Stock Broker Cost

How much does a stock broker cost?

Whereas dealing in stocks and shares was once a routine only for the very wealthy the latter years have seen an influx of normal everyday people indulging in the practice and often to great effect. Making a profit is a great aspect of stocks – you can, of course, also lose – that is attractive to many people, yet the fact remains that you will need a Stock Broker to deal in stocks and shares, as these are the people with not just the know-how but the access to the right channels. Choosing a Stock Broker can be a difficult decision, and costs will vary not only due to location but thanks to the size and nature of the transactions you undertake.

General Cost

• Bear in mind that many brokers have two possible stringent requirements – you must invest a minimum amount in a given time, usually over a year, or you must carry out a minimum number of transactions in that time. Some brokers insist on both, and the rules vary greatly between brokers.
• If you do not pay a minimum fee or agree to a minimum transaction count then you may be subject to annual maintenance charges of between $150 and $500. Many firms do not charge either this or apply minimum levels, and these are clearly the ones to go for.
• You will pay a standard charge per transaction – often a percentage but sometimes a set cost – and this will vary greatly between brokers.
• You will pay commission to the broker, too, depending on the size of the transaction and the type.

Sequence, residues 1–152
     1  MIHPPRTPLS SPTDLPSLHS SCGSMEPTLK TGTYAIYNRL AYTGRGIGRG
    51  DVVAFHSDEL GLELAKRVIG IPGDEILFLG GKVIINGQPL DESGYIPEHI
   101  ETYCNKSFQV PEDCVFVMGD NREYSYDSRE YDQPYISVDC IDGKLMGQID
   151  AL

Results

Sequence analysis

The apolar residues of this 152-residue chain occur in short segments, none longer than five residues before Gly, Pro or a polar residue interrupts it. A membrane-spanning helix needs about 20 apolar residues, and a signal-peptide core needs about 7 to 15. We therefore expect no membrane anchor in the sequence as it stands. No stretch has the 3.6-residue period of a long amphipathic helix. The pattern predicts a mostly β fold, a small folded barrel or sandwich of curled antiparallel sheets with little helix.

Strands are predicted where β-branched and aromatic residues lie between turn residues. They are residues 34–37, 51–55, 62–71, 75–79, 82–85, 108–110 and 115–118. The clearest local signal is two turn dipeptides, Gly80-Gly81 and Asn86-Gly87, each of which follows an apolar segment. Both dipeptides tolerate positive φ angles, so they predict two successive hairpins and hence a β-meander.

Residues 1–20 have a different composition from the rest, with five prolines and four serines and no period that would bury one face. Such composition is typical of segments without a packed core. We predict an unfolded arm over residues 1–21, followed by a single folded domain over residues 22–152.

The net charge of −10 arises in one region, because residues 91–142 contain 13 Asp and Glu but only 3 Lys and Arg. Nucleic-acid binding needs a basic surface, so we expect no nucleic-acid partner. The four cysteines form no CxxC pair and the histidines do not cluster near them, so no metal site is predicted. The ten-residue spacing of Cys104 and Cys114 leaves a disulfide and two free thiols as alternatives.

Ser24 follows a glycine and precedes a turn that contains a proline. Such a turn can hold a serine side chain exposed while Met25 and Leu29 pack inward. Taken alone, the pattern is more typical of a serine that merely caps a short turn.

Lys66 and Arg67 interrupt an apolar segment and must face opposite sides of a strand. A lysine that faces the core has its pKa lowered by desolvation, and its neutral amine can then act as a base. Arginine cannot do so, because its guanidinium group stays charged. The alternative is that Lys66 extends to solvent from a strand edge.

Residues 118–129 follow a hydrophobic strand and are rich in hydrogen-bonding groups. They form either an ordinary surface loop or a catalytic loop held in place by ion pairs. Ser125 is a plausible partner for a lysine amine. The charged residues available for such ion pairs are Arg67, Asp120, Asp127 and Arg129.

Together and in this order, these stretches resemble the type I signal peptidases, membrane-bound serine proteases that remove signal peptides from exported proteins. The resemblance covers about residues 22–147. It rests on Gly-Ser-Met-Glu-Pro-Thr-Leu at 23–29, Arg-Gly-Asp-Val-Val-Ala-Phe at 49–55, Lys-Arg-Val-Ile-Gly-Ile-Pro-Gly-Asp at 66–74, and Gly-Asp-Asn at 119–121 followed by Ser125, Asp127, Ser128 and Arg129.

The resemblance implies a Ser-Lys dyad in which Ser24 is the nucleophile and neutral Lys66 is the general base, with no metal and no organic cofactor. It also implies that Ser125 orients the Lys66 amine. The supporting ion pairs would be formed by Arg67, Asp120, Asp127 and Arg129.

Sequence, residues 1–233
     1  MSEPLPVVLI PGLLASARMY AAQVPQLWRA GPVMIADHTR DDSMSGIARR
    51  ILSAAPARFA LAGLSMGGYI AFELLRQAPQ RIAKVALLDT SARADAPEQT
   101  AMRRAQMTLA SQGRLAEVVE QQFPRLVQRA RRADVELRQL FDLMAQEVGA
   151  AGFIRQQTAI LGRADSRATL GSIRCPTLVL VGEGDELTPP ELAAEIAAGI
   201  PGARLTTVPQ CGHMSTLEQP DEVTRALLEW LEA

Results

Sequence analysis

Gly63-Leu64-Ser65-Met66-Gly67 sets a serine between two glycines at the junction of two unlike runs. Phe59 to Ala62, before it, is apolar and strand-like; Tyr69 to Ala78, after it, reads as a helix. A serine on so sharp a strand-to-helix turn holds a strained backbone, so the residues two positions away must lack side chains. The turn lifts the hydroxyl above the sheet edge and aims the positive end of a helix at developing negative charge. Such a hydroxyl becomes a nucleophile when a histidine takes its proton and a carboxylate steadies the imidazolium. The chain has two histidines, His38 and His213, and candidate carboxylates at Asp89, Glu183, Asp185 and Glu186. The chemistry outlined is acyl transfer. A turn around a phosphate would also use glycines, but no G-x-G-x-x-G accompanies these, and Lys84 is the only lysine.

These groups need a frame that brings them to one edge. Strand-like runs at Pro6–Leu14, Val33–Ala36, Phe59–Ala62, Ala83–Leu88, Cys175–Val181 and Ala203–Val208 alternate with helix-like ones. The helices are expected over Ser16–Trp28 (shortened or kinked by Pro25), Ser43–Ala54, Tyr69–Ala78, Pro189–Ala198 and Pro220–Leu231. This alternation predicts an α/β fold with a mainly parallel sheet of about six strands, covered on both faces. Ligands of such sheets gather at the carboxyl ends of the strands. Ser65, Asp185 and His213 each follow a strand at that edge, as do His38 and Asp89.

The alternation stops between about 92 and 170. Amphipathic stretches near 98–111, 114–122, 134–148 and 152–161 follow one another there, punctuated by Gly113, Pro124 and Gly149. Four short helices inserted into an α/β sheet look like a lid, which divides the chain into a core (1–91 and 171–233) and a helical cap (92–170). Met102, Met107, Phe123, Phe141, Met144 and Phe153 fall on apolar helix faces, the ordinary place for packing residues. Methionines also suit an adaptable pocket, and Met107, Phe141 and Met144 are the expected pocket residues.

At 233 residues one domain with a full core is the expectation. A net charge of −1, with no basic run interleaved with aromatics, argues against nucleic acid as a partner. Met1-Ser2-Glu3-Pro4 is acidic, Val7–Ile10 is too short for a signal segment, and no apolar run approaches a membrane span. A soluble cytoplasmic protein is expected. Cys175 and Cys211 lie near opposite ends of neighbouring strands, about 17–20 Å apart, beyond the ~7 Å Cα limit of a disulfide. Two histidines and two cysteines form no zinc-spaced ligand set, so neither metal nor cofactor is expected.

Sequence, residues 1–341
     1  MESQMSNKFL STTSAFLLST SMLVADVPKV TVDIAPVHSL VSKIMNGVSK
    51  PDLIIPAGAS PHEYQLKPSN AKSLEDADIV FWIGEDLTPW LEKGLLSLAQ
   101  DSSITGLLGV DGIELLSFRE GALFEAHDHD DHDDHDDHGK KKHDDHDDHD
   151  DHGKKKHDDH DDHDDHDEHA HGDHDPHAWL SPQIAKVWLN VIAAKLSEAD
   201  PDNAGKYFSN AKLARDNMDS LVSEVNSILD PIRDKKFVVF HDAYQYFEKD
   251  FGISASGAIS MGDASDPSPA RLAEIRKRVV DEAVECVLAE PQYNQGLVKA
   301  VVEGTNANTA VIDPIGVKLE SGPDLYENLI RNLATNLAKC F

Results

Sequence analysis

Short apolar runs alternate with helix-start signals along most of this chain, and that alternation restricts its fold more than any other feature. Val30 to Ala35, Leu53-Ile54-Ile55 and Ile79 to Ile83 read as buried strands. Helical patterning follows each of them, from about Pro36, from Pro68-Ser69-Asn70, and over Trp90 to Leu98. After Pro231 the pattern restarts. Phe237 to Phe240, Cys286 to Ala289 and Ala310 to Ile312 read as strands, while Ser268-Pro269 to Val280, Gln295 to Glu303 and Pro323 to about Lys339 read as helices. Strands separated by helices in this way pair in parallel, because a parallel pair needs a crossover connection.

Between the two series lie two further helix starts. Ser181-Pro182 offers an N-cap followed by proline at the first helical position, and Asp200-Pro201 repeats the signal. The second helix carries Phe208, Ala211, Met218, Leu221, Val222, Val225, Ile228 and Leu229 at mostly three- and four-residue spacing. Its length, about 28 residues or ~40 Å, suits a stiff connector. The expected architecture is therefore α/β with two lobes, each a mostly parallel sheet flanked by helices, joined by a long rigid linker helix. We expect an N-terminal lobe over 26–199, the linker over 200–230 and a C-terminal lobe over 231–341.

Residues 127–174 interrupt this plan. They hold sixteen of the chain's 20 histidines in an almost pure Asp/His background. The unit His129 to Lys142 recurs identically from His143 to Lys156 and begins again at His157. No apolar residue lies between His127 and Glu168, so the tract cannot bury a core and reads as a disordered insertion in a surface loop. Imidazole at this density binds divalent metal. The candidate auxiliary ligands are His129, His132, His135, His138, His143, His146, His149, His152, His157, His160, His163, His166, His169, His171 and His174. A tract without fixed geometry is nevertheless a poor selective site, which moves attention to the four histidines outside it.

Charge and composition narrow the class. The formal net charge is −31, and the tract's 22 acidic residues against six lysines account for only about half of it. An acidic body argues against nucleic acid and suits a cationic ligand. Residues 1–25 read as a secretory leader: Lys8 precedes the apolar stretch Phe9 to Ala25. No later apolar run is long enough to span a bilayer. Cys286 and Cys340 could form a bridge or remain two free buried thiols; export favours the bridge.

• Many brokers may take a percentage as a cover cost – check these in the small print.

Extra Cost

• There should not be any added costs in addition to those listed – charges and standard fees – so check with your broker beforehand to make sure you understand what it is all about.
• For beginners there are plenty of books on the subject – look to spend $30 at least on a good one – and there is much information on the internet, too.

Tips

• Make sure you understand the nature of the business, and don’t go into the business of stocks unawares.
• Check out websites such as Newsday.com and The Motley Fool for useful information on the art of trading in stocks and shares.

Shopping

• Check out a number of different brokers for their agreed rates and commission
• Visit biz.yahoo.com/edu/cb/ir_cb4.ir.html for information and advice on brokers.
• Check the many websites dealing with such services for customer feedback.
• Check the Better Business Bureau for recommended providers.

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